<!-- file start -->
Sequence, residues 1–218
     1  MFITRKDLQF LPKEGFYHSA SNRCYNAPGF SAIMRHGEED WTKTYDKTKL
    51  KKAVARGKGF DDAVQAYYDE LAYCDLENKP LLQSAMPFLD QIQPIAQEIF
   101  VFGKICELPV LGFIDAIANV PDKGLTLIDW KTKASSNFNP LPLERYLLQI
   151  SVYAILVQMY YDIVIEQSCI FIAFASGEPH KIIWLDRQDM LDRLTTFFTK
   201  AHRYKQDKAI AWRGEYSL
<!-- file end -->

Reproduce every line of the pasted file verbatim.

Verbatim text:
Sequence, residues 1–218
     1  MFITRKDLQF LPKEGFYHSA SNRCYNAPGF SAIMRHGEED WTKTYDKTKL
    51  KKAVARGKGF DDAVQAYYDE LAYCDLENKP LLQSAMPFLD QIQPIAQEIF
   101  VFGKICELPV LGFIDAIANV PDKGLTLIDW KTKASSNFNP LPLERYLLQI
   151  SVYAILVQMY YDIVIEQSCI FIAFASGEPH KIIWLDRQDM LDRLTTFFTK
   201  AHRYKQDKAI AWRGEYSL